Monday, February 16, 2009

Day 13 – Choose to Fellowship, Choose to Forgive

When Jesus commanded, Love each other as I have Loved you” – John 15:12, he gave us the power to love in a new and better way. In Chapter 13, Tom Holladay begins to outline the four choices that we must make to receive this power.

1. Choose to Fellowship:

What is fellowship? defines fellowship as, “the companionship of individuals in a congenial atmosphere.” In other words, spending time with people you enjoy. But there is more to fellowship than just hanging out with friends. Jesus expects us to use our fellowship time in a positive manner. Fellowship is done with people who are trying to follow the same spiritual path and will support and guide you along that journey. They will be the people who love you as Jesus loves you.

2. Choose to Forgive:

In Ephesisans 4:32, Paul writes,
“Be kind and compassionate to one another, forgiving each other, just as in Christ God forgave you.”
In this section, Tom asks two questions:

1. What does it mean to forgive?
2. Who are you trying to punish by choosing not to forgive?

Forgiveness can be hard because we confuse it with forgetting. To forgive someone does not mean you have to act like it never happened. But it does mean we have to let it go and not hold on to the bitterness or desire for revenge. I know from my own life that this can be a struggle. I can think of a couple of individuals that I used to work with who wronged my in ways that I am still dealing with to this day. At times, when I think back on those things, I sometimes imagine what it would be like to get even with them, even though it has been 3 years since the incident. I need to let go of that resentment and seek true forgiveness. It is foolish for me to hang on to that bitterness. I doubt either of the individuals even recalls what they did or how it affected my career decisions. I am the only one still feeling the pain.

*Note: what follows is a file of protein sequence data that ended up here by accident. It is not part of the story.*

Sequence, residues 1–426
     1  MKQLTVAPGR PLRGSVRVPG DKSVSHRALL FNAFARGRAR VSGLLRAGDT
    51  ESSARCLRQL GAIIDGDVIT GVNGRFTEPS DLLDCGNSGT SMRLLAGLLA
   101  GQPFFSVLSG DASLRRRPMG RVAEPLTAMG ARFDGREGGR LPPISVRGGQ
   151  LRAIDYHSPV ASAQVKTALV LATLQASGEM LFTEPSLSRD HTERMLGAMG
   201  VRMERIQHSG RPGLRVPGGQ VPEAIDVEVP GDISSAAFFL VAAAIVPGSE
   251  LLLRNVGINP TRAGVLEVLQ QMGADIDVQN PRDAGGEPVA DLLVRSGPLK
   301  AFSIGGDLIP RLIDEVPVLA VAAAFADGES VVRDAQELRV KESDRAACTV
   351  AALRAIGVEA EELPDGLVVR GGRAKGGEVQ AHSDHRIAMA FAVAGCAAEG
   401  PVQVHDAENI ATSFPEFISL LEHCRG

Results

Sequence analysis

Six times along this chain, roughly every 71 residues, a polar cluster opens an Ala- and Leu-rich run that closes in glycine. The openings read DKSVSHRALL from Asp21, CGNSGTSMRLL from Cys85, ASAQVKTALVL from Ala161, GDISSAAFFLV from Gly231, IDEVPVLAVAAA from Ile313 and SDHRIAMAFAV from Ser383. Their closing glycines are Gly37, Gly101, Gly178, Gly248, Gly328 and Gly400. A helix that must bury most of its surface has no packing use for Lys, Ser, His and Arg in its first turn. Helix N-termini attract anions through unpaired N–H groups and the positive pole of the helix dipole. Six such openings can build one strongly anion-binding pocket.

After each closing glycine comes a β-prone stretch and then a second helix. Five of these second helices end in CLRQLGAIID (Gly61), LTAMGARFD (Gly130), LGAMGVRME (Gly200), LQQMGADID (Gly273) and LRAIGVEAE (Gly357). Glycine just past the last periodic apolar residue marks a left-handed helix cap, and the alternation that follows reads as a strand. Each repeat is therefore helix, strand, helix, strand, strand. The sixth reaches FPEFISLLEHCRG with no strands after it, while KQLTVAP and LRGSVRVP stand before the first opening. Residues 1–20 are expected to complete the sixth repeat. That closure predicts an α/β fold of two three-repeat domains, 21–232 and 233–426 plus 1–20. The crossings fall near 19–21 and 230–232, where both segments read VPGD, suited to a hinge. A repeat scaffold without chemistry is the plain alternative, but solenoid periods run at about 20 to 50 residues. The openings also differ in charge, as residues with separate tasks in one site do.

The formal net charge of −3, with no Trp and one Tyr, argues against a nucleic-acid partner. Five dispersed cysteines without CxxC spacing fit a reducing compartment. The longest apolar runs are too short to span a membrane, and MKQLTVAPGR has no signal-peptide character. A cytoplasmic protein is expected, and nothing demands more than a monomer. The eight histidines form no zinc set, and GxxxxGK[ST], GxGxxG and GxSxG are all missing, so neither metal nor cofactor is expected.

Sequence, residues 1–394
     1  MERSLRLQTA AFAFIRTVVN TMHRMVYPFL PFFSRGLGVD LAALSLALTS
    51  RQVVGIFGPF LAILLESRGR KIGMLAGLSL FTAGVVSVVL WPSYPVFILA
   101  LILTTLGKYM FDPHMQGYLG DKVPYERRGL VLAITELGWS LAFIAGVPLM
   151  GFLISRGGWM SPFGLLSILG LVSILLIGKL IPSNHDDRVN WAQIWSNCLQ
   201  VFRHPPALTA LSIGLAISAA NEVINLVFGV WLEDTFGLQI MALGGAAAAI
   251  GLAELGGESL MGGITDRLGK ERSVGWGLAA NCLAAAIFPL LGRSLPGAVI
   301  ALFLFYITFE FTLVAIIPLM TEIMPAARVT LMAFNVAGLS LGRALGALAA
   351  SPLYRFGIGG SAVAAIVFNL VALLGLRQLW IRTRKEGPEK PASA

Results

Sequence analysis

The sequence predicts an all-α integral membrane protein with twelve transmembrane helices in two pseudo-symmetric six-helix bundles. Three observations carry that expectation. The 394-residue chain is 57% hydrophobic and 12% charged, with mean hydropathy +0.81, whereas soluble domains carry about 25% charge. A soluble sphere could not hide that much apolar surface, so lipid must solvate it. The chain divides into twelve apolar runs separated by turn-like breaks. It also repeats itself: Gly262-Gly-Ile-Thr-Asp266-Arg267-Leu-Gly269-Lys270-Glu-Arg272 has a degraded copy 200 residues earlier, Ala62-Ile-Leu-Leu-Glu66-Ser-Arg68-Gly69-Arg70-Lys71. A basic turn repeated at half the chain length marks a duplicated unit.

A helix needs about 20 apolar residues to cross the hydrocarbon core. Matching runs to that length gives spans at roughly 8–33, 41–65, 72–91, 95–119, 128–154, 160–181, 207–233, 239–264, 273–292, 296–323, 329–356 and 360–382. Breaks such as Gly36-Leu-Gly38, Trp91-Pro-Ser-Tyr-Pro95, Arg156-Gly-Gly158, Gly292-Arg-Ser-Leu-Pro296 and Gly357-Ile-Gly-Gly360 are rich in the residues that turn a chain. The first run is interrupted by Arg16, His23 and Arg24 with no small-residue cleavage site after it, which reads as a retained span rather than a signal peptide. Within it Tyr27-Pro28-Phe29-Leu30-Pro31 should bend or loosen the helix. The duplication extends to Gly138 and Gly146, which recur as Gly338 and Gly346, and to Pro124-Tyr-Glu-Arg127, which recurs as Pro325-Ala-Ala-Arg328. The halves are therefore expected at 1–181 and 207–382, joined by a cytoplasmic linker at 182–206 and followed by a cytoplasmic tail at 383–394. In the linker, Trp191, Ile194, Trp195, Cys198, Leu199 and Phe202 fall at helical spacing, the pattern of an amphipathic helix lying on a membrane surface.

Jesus doesn’t pull in punches when it comes to the importance of forgiveness. In one of the many parables Jesus used as teaching examples, he told the story of a king who wanted to settle the accounts with his servants. One of the servants owed the king the equivalent of millions of dollars and could not pay. When the judgment was given that all that the servant owned, including his wife and children, were to be sold to repay the debt, the servant begged for mercy and promised that with time he would repay the debt. The king took mercy on the servant and canceled the debt.

When the servant came across another man who owed him money, the equivalent of a few dollars, the servant attacked the man and demanded he pay back the debt. The man begged for mercy, but the servant refused and had him throw into prison until he could return the few dollars.

When the king heard what had happened, he was very distressed and called the servant back in. “You wicked servant. I canceled all of your debt because you begged me to. Shouldn’t you have had mercy on your fellow servant just as I had on you? The king then turned the man over to the jailers to be tortured until he paid back all he owed.

Jesus concludes this eye opening parable with, “This is how my heavenly Father will treat each of you unless you forgive your brother from your heart.”

We should find the strength to forgive others in the fact that Jesus has forgiven us. No matter what, God promises, “If we confess our sins, he is faithful and just and will forgive us our sins and purify us from all unrighteousness” – 1 John 1:9. If Jesus, being sinless and perfect, can forgive us, shouldn’t we, at the very least, be able to forgive those who have wronged us.

I know true forgiveness is more than just saying, “I forgive you.” I need to let it all go. I hope and pray that I can do a better job of that, not only for my relationships, but ultimately so that I am not the one God refers to as a “wicked servant.”

Day 14 - Choose to Accept, Choose to Sacrifice

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